ANDRZEJ KRAUZEWhen retired inventor and engineer Thomas Fritz decided 2 years ago to remove a dead crab apple tree from his Indiana property, it seemed like a simple enough project. The tree “wasn’t tall for a crab apple tree, maybe 10 to 12 feet. . . . I had the chain saw warmed up, [and] thought ‘I’ll take him out now,’” Fritz remembers. But as he was dragging some of the spiny branches away, the 71-year-old became ensnared and fell, spearing his hand.
“It was a pretty good-sized puncture—about the size of a number two yellow pencil,” noted Fritz, who had been a volunteer firefighter and took advantage of his EMT training to bind his wound before finishing his pruning. But when Fritz’s hand began to swell, his doctor drew some fluid and put him on a “cannon of antibiotics.”
Technicians at the local lab couldn’t identify the...
The new bacterium gave researchers a window into what an endosymbiont ancestor might look like.
Fisher knew that his University of Utah colleague Colin Dale, who first described the genus Sodalis in 1999, was studying how S. glossinidius interacts with its tsetse fly hosts, but “there wasn’t much indication up front that this [new bacterial species] would be the Rosetta Stone it turned out to be,” says Fisher.
Symbiotic bacteria differ from their free-living brethren in having much smaller genomes. In fact, the genomes of some endosymbionts are the smallest recorded, as the bacteria have jettisoned nonessential genes. How, exactly, different insect species acquire seemingly related endosymbionts is debated. It’s possible that they’re passed between different species by parasitic wasps, although Dale counters that most parasitoids stick to related species. Endosymbiont transfer would seem to require intimate contact, but insects as disparate as tsetse flies and weevils having sex is unlikely, not to mention that it would be “a sight to behold,” Dale quips. Instead, he subscribes to the popular hypothesis that insects pick up their microbial passengers while acting as vectors shuttling plant or animal pathogens between hosts, and then pass the bacteria to their offspring.
The new bacterium, dubbed HS by Dale and his team, gave researchers a window into what an endosymbiont ancestor might look like, says John McCutcheon, a microbial geneticist at the University of Montana. That an endosymbiont relative existed as a free-living microbe “wasn’t shocking, but there hadn’t really been examples before,” he explains.
To get a sense of the evolutionary trajectory from HS-like ancestors to successful insect mutualists, Dale and graduate students Kelly Oakeson and Adam Clayton compared HS’s genome to those of two related symbionts: Sodalis glossidinius, a mutualistic symbiont of disease-transmitting tsetse flies, and the grain weevil bacterium Sitophilus oryzae primary endosymbiont (SOPE). They found that although the genomes of S. glossinidius and SOPE were significantly smaller than HS’s, the DNA of each contained “near-perfect” matches to sections of the HS genome. But the two endosymbiont genomes had different missing or inactivated genes, suggesting that each had evolved independently from an HS-like ancestral strain. “It’s a well-established fact that mutualistic symbiont genomes have undergone degeneration,” says Dale. “We had predicted this exact situation.”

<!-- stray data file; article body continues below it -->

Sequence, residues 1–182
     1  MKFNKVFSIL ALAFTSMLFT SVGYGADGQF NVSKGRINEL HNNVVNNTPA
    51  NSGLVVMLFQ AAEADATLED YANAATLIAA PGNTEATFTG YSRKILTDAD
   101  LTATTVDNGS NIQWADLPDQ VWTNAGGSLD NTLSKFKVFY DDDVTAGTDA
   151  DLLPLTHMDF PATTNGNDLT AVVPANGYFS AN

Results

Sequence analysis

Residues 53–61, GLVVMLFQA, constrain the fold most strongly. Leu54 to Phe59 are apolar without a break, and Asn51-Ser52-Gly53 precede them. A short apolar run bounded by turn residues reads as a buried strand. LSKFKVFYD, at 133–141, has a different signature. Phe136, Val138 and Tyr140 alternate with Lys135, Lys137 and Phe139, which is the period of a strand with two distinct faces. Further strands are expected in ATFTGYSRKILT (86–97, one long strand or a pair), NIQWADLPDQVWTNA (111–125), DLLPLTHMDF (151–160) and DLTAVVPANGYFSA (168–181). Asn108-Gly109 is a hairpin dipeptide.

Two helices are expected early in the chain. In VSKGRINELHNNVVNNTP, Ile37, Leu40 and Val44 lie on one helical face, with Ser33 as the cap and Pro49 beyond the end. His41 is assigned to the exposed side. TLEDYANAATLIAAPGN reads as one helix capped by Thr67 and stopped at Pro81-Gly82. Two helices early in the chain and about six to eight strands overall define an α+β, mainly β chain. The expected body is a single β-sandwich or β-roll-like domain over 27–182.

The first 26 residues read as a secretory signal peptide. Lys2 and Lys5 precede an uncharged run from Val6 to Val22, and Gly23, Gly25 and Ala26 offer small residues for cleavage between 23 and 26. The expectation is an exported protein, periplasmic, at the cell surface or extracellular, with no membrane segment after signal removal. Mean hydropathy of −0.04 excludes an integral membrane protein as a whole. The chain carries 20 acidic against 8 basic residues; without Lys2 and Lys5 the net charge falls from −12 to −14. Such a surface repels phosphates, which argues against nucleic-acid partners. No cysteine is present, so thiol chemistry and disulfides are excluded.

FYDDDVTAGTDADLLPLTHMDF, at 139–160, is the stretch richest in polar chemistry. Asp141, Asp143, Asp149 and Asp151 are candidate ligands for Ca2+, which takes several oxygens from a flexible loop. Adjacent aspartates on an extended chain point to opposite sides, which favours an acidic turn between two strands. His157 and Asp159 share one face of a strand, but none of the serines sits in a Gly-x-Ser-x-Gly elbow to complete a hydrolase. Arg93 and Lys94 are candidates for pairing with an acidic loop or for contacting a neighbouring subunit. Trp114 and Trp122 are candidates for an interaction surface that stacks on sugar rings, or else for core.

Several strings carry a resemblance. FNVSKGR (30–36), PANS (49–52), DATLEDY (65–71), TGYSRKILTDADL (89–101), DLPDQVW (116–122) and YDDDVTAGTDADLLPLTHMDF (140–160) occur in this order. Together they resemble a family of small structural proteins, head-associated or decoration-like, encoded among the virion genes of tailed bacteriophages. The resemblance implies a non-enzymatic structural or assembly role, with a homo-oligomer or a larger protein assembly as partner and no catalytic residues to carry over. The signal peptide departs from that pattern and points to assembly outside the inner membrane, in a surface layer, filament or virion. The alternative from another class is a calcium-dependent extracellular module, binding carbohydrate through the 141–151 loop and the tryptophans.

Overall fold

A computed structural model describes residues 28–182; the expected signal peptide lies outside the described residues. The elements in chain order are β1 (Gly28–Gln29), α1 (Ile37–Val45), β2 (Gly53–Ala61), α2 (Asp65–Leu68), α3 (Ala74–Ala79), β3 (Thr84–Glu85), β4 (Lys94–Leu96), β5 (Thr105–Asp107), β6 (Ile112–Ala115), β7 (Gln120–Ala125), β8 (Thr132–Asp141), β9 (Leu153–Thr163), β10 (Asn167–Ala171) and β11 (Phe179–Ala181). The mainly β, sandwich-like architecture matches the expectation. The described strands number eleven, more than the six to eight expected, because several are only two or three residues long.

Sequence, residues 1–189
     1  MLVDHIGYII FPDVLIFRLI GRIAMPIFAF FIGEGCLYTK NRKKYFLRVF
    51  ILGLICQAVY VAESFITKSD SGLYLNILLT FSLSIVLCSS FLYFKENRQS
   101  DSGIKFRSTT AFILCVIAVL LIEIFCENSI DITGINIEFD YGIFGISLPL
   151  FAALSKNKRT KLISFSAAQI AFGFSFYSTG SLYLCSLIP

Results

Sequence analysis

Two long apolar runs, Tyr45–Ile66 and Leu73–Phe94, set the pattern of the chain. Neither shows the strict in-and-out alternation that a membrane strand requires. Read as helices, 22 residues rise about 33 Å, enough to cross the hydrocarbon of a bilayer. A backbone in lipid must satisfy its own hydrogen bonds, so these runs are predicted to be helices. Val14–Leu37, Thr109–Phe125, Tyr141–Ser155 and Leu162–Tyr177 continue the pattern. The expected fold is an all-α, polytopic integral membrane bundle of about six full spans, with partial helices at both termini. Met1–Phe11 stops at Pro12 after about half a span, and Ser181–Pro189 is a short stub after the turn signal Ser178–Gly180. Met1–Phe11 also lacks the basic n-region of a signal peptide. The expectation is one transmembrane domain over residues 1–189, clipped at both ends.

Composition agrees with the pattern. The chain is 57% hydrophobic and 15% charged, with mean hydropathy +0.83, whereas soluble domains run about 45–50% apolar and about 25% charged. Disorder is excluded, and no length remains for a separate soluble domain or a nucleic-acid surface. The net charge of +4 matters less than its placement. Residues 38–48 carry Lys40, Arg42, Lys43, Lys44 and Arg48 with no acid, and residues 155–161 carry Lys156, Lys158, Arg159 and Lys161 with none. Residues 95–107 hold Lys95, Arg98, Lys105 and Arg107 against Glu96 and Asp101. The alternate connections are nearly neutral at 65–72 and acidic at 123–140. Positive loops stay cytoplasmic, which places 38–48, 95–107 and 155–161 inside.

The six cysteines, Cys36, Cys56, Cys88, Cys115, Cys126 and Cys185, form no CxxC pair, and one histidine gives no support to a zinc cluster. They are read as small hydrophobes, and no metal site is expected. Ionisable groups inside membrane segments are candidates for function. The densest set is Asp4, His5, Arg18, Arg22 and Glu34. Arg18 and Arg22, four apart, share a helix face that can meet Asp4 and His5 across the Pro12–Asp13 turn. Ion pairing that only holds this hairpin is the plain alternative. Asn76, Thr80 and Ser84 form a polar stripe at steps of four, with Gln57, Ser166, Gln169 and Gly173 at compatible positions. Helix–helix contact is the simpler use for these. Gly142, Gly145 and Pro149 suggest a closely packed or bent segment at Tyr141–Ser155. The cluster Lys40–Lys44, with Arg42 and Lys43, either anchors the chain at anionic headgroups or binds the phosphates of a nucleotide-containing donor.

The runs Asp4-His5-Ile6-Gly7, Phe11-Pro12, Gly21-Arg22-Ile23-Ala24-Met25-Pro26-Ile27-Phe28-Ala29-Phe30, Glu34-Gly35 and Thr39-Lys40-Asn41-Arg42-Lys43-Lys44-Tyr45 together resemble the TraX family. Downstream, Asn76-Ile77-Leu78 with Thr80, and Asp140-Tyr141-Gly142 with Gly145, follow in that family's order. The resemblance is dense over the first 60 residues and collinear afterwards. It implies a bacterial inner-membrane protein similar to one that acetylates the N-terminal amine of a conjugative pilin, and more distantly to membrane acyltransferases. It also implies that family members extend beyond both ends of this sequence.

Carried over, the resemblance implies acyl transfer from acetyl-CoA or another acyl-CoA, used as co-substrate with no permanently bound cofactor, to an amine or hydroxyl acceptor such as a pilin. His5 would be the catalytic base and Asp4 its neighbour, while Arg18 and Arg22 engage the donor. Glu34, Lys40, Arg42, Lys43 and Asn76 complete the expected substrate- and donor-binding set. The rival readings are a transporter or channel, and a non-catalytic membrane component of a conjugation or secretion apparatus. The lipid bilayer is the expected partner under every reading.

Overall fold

The research also provided clues to the shrinking process, says Rita Rio, a microbiologist at West Virginia University. Genomes can condense by losing large chunks, or by accumulating little insertions and deletions (known as indels), she says. Dale’s research supports the idea that “it’s the little indels that happen first, and as time progresses, there’s a purging of these chunky bits,” Rio explains.
“The sequences are really close at the nucleotide level, especially SOPE,” says McCutcheon, who was impressed by how recently—about 28,000 years ago—SOPE appears to have evolved from its nonsymbiotic ancestor.
The fact that different genes were lost in the two endosymbionts demonstrates that the evolutionary process is specific to the host environment, says Dale. “So we know reductions are controlled by natural selection,” and certain genes are retained or lost in a process suited to each host, he notes. This means that scientists wouldn’t be able to successfully transfer symbionts between tsetse flies and weevils, for example, supporting the notion that Sodalis-related symbionts are independently “domesticated” and passed down through generations of the same species, not between species.
In the future, Dale and his team hope to encourage HS to take up residence inside tsetse flies—affording the scientists an up-close look at the first steps toward endosymbiosis. The work may also have real-world applications, as they hope to help researchers design tsetse fly endosymbionts that prevent the spread of disease.
“Knowing what the first steps [of evolution] are, how rapidly first genes are deleted, would be spectacular,” says McCutcheon. “They really seem to have captured the missing link.”
Fritz, for his part, has been enthusiastically following the research. He’s saved a few crab apple branches, just in case they might come in handy for future investigations, and wonders if his body still harbors a few stray HS bacteria. “It’s a good thing to do stuff like this,” he says, noting that if HS could someday help researchers design a tsetse fly endosymbiont that combats sleeping sickness, “it would be like getting Velcro out of the space program.”